Monday, November 26, 2012

Lord of the dance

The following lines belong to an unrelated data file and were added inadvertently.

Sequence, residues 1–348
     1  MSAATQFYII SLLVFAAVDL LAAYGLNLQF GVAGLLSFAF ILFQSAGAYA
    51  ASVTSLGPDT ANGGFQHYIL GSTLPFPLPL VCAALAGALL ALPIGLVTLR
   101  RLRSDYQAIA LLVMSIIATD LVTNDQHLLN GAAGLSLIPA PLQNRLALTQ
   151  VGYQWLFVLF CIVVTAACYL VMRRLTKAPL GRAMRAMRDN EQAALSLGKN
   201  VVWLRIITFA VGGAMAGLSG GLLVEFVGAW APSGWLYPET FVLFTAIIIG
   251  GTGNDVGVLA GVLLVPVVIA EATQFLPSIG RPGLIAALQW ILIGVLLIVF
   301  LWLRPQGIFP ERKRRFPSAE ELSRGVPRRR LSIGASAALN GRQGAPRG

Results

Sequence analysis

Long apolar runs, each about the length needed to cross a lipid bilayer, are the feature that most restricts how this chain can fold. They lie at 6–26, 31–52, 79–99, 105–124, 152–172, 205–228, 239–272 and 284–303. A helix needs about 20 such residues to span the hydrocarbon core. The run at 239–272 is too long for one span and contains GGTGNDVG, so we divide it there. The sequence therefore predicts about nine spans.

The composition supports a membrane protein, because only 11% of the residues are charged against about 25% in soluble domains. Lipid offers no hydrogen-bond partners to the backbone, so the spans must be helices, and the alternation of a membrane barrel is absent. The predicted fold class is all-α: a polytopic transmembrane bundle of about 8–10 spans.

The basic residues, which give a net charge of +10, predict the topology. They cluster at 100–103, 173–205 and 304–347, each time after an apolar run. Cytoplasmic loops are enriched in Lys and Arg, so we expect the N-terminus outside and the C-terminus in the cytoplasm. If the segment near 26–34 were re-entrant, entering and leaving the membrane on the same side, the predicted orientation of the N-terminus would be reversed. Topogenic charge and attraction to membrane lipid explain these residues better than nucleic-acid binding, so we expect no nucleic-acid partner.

In Theorizing Religion today we read part of Tisa Wenger's fascinating book We Have A Religion: The 1920s Pueblo Indian  Dance Controversy and American Religious Freedom. I seeded discussion with two letters to the New York Times from December 1923, articulating two sides of the controversy. One (YWCA Board Member Edith Dabb, Dec 2nd), representing the old regime of Protestant missionaries acting as agents of government-promoted civilization, deplored the alleged debauching of young girls in secret ceremonies. The other (the Museum of the American Indian's F. W. Hodge, above, Dec 20th), articulated the emerging understanding of Indian dances as not only morally innocuous but religious in the purest way. Other views discussed by Wenger celebrate the dances precisely for a non-puritan sensuality - it is the 1920s, after all! Native American voices are more circumspect. It all proved a good way into a discussion of the dilemmas of indigenous peoples in modern settler colonial states, their cultures saved but also trivialized as tourist destinations by the secular-Protestant category of religion as essentially private.

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